When working with videogames, there’s a a lot of different ways to represent speed, and a lot of the challenges they present start out as technical. Infamously on the PC, getting fast scrolling on a room to create the impression of single large spaces the player could move through was a big technical hurdle; outrun used a camera trick and moving single silhouettes, and the VR push of a few years ago (is it reasonable to suggest that VR is now over?) featured a whole host of ways to grapple with the question of duping a human brain that’s very very good at recognising when it’s standing still and convincing it that it’s not.
But that’s videogames, an entire form of games that I don’t really make. I could try, that may be interesting, but anyway for now.
How do we get to represent speed in tabletop game places, with human interlocutors? Have some ideas! Go go go!
Do More Things
First up, if you want a player to be fast, let them do more things in the same amount of time other players get to do things. Having more actions a term is a good way to represent a character being very fast. That might represent some kind of challenge when the question becomes balancing that, but it’s a really simple thing in a game that’s like, say, stacking hamburgers, if one player can stack twelve pieces all at once, that’s a sign that that person is faster.
Think about the materiality of the actions though! Like, if it’s putting stacks of burgers on top of one another, that doesn’t seem to be a physical strength issue, but if it was (say) stacking girders, then the primary thing that’s going to be represented by doing a lot in a turn is going to be a lot of strength.
Travel More Distance
In board games, or games with some spatial element, you can represent speed with a unit being able to move more distance. Nice and easy. Obviously, if the game has some race element that’s going to distort the play experience. Consider a game like Scotland Yard but Mr X or the police can move twice as fast, sure, it conveys speed, but also it does make that game experience extraordinarily different.
It can also be useful in games where this kind of thing is a low-key kind of advantage. Imagine a game where being super fast lets you mostly just get things from the sweets cupboard faster; a game about baking where you can move faster might mean you have more varieties of things available to you, but you can’t make the cake bake faster.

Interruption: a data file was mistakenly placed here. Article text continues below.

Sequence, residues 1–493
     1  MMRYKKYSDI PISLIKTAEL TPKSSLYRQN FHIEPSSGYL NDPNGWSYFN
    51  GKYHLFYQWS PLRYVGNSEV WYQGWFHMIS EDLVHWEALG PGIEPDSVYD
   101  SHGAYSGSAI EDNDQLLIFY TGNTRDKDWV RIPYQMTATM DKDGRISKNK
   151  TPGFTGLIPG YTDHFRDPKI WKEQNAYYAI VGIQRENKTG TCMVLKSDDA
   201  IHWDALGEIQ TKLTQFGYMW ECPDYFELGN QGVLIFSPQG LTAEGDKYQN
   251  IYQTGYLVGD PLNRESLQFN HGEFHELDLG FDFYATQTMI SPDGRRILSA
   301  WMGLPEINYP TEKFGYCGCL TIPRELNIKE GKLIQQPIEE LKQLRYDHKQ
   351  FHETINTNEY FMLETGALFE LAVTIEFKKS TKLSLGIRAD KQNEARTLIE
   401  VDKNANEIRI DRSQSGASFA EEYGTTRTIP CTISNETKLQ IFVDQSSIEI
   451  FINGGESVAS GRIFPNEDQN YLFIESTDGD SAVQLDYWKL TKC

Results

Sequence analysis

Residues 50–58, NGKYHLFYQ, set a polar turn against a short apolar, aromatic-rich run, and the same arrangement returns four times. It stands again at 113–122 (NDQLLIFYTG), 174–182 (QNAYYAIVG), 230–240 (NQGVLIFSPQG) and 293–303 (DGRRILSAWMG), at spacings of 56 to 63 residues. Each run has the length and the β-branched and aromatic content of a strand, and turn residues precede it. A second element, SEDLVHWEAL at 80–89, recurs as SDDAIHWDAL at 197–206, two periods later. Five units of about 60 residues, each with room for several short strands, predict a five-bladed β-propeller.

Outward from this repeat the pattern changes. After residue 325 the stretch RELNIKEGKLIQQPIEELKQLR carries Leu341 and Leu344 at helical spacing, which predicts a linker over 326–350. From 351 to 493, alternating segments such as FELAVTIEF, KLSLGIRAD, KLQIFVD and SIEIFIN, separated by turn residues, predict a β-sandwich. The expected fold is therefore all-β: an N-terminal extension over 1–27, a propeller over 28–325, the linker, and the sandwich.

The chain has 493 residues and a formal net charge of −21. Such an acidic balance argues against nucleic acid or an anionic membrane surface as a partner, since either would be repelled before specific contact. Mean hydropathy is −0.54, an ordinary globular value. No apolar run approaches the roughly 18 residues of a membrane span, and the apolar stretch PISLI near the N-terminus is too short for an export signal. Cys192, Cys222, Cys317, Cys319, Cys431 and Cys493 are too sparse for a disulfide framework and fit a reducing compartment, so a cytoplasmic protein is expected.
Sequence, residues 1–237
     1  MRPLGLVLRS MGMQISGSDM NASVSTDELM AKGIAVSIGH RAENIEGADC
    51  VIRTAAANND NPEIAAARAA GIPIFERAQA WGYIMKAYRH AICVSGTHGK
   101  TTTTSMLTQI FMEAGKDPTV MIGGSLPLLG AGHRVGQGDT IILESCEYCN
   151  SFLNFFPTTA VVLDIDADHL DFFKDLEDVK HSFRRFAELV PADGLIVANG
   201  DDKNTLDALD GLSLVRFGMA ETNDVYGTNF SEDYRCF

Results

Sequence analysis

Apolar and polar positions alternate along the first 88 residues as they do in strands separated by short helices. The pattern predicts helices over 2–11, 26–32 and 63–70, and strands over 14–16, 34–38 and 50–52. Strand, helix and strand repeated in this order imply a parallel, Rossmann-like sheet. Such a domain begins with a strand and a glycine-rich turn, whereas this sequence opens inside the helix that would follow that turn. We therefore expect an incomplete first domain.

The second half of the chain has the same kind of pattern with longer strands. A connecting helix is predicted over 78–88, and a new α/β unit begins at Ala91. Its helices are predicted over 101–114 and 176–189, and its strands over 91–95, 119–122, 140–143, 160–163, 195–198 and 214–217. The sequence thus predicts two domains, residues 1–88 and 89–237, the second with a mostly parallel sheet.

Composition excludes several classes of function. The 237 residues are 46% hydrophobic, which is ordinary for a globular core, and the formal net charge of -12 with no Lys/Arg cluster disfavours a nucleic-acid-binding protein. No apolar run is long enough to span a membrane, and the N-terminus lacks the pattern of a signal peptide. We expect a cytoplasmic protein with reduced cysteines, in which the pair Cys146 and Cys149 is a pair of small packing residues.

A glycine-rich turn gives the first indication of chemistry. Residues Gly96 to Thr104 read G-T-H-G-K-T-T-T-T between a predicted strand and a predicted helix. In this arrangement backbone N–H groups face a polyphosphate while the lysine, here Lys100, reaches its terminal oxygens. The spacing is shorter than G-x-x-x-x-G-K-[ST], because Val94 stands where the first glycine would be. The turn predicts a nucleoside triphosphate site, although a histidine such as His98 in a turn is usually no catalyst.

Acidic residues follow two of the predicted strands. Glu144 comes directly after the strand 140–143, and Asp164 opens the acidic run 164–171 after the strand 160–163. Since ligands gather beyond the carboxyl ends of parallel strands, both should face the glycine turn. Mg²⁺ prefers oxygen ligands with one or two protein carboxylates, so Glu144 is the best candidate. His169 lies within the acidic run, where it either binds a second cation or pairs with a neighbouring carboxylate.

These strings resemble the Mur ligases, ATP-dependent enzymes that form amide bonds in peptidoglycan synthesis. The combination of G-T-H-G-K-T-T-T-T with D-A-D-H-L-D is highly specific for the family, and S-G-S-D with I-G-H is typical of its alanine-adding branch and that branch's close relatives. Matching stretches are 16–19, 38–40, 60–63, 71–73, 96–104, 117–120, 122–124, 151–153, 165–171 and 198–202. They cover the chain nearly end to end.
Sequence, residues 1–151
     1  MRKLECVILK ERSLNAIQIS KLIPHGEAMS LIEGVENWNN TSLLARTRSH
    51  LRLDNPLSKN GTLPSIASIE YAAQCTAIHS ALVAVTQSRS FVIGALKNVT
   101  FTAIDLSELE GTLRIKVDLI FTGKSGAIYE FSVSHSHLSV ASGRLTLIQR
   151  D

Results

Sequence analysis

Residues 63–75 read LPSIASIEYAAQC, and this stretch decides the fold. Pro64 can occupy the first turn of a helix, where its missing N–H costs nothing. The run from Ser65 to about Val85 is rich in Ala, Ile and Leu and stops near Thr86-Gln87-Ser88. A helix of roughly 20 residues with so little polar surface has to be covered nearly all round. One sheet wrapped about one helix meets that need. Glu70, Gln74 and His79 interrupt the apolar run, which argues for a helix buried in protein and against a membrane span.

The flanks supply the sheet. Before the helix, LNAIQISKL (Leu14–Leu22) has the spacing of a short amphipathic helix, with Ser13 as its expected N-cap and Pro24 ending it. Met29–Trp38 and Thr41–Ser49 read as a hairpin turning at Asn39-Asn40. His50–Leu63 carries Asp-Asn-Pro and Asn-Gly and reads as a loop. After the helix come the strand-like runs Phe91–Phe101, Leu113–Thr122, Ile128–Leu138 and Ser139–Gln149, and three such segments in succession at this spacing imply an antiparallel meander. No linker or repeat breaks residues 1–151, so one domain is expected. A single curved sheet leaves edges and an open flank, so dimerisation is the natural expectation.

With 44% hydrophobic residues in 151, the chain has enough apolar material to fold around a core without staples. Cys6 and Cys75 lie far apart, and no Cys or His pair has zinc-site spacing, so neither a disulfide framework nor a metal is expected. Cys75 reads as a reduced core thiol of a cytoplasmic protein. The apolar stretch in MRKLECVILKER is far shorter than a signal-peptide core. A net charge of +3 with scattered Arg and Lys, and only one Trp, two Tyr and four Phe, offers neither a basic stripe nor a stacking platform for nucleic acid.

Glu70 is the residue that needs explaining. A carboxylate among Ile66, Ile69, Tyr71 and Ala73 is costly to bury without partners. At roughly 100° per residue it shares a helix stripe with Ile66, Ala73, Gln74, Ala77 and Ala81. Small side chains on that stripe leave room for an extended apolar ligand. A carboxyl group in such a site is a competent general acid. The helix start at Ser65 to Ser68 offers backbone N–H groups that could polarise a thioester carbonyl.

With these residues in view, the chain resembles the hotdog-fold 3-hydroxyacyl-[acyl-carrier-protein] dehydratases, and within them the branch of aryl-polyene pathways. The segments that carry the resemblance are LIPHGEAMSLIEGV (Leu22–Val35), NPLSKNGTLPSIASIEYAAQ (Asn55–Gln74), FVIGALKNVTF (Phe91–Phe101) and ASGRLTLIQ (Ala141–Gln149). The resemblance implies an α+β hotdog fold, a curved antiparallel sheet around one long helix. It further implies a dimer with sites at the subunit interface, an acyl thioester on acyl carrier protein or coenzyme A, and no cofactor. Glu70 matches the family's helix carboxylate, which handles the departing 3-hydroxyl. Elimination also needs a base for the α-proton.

What about physical ways to do it? Snap is a classic game about trying to act quickly. Of course, this means that this game is directly tied to your physical speed, and then you’re less representing speed and just having speed. Can be doable, but it’s not a game form that works for everyone. Lots of designs like this tend to be less accessible (to the aged, to people with different abilities, to kids with behavioural problems). Still, being able to make a game move ‘as fast as you can move it’ is a well-trod genre of play experiences.
Here’s one I like a lot; you know Magic: The Gathering? Well, games in that can be really fast even if they involve a lot of decisions, if the games are over in the first two or three turns. Back during Onslaught standard, there was a real problem with Goblin decks that could close the game out in four turns.
If one type of competitor is trying to end the game really quickly, and other competitors need to address that by fighting back against them aggressively, that creates a feeling of speed when the ‘quick’ player wins, and can create a feeling of ‘slowing down’ when the other player pushes against them.
Also, if your game takes place over a small, or limited number of turns (like, say, Marvel Snap! which has only six turns?), then you make the whole game feel ‘urgent’ and can make the play actions feel like they’re happening ‘just in time.’
What if the whole game is performed under a time restriction? This can tie into the manual execution problem, and it immediately runs into problems in competitive play. Chess clocks try to solve this problem for competitive play (and you should check out Jenga with chess clocks), but that’s a very technical device. If you’re going to try and make the whole game experience timed, you probably want to make it so it’s parcelled out – like players have a (small) sand timer for their actions, and when it’s over it’s over. Dividing up the time of the game overall is a real problem by comparison, because that’s very precise timekeeping.
Here’s another way you can use speed in games with some kind of abstracted fiction: What if there are things that a fast character can just ignore? What if (say) most characters need to keep an eye out for the cops when they transport their goods, but the fastest character can just outrun them? What if most characters have to wait for an elevator, but the fastest courier can ignore that, by just rushing up the stairs, because they know they’re going to be faster than even the fastest elevator? What if an enemy’s dodging defenses don’t matter to a character who’s extremely fast?
In extremely complicated game systems like Dungeons & Dragons, you can have speed represent things like a to-hit bonus, or, more importantly in this case, you could have it represent a reduction to an enemy’s dodge bonus: sure, it won’t make you better at hidding a big chunky armoured dude, because her armour class is all about presenting metal plates into your attacks, but if you attack a skinny little whippy boi, she might be instead avoiding you with a wholehearted dodge, and being ‘faster’ than her might make her very easy to strike by comparison.
And that’s that! Go go go go!